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FALL 2004 ODFW VOLUNTEER TROUT EGG DELIVERIES
We have just completed the fall Rainbow Trout egg deliveries to local and eastern Oregon schools for incubation in the classrooms. Other Volunteers went to the Oak Springs Hatchery in Maupin to pick up the eggs and brought them back to Bend on Sunday afternoon. Some other volunteers made the deliveries to the local schools.
We packaged the twenty bundles of 200 eggs each in special trays, in coolers, with non chlorinated ice from the hatchery dripping water through them. Special care was taken so that an accumulation of melted ice water would not smother the eggs and they would remain cool enough for delivery over the next four or five days. Of course there was also paperwork for the teachers to sign, special hand outs for the classes, displays etc. to go along with the deliveries. In the class room the eggs are kept in an aquarium with a chiller unit, an aquarium in an old Coke machine or even with plastic jugs frozen and placed in the aquarium to achieve the proper temperature. The students predict the hatching date by keeping careful records of the temperature units they accumulate, records of the mortality rate of the eggs and the fry, and finally, place the fry in a pond or area that has no outlet designated by their district Biologist.
Bob and I set out early Monday morning for the first of our deliveries to 20 schools. This had meant setting up a route and scheduling specific times for each of the schools – we needed to be there during school hours. It was also necessary to have a map with GPS coordinates showing the exact location of each school because some of them had nothing but a P O Box number and, without a map, would have been impossible to find. Many of the smaller schools were in older parts of their town and very hard to find.
The trip this year – we have been doing this for nine years – was just about perfect. It was the only time that the weather was really good to us. Previously we had traveled in rain, icy conditions and even snow in some areas. This time we were able to enjoy the fall colors of the Hood River valley, a warm comfortable drive throughout the 1500 miles, seeing old teacher friends and two new schools. The chance to interact with the kids is a very important part of the trip to us. Bob makes a short presentation to each class wherever possible. We had two new schools to find this year, the high school in Elgin, population 1750 and the grade school in Drewsey, population 22. Actually they are our two new favorites. Helix, in Indian Valley, between the Blue Mountains and the Wallowas, is a tiny seemingly well to do high tech wheat farming and timber industry community and this is apparent in the old three story school building - I believe that it was built about 1890. The young people are proud of the education they are getting and of the school. Nowhere else have we seen such respect for other students and for the teacher. The Drewsey school has two rooms, 12 students in first through eighth grades and two very dedicated teachers. The teachers are making certain that all of the children receive as broad an education as possible.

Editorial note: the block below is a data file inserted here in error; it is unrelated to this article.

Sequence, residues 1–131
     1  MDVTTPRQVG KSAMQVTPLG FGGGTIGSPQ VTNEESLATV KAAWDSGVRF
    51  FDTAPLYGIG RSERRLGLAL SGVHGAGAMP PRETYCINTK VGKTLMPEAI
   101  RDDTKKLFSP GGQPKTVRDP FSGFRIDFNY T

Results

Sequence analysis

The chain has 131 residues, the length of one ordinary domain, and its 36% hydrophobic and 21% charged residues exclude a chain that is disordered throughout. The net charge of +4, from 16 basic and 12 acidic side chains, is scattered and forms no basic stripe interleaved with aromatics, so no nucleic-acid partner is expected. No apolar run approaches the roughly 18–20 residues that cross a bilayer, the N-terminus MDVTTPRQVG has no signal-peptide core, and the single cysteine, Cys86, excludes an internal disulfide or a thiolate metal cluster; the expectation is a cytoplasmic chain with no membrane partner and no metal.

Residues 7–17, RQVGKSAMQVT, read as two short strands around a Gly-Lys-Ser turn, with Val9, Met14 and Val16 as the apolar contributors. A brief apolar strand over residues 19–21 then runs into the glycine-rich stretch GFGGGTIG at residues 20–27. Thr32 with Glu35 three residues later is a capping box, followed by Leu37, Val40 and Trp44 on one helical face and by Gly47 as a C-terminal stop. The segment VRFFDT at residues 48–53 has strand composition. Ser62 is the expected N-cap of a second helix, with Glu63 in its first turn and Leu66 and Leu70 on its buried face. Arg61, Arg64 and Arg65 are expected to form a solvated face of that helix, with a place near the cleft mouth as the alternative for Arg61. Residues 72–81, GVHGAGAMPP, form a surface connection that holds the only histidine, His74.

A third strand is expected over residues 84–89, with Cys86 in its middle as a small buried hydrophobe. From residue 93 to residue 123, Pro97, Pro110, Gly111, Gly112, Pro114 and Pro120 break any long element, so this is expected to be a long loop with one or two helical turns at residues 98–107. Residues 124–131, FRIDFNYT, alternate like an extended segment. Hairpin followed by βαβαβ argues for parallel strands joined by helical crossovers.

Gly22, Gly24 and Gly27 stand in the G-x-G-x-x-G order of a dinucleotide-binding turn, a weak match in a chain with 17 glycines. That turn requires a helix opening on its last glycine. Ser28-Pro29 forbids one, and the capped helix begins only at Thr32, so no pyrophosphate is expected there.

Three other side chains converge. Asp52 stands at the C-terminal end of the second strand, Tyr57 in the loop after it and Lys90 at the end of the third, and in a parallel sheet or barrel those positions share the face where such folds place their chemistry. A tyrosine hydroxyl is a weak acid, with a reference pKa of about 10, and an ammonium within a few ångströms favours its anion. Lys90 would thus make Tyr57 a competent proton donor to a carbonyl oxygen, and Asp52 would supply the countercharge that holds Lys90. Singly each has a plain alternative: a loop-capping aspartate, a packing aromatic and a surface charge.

We traveled from Bend to Mitchell, then on to Mt. Vernon, then drove up through Spray and Condon to two schools in the Hood River area. Then, after seeing a teacher friend and her new school in the Dalles, went along the Columbia River to Hermiston, met the teacher from Milton Freewater and drove up to a new school in Helix the next day. From Helix we went over to Elgin and back down the east side of Oregon through La Grande, Baker City out to Halfway and on to Ontario. We drove through Willow Creek, Vale and back along Highway 20 through Drewsey, Burns and Hines. We didn’t make the trip down to Crane this year.
We returned home on Thursday evening, tired but exhilarated from the adventure and ready to do it again next year if all goes well with the ODFW and with us.
--Margaret "Tommie" Thompson Speik
Read more . . .
ODFW - Oregon Department of Fish and Wildlife
STEP - Salmon-Trout Enhancement Program in Oregon
ODFW volunteer adventures in Oregon:
ODFW - BOW clinic - "Becoming an Outdoors Woman" in Oregon
An ODFW juvenile steelhead sampling project near John Day, Oregon
The ODFW juvenile steelhead survey in the stream
Photos from an ONDA volunteer wilderness inventory in south eastern Oregon:
Oregon Natural Desert Association - ONDA
Oregon's Owyhee River inventory delivered to BLM
About the Owyhee River wilderness inventory with ONDA
ONDA survey of Owyhee Canyon
Owyhee Canyon Wilderness study area
NOLS adventure in the Owyhee Canyon
Owyhee River desert lands - Jordan Valley Rodeo
Steens Management Plan outsourced to mining proponents
A Steens Mountain adventure
Backpacking Steens Big Indian Gorge Photos of this trip
A Steens Mountain wedding
What you need to know for your adventures:
Basic responsibilities of the wilderness traveler
The new Ten Essential Systems
Leave No Trace
Map, compass and GPS together, in a nut shell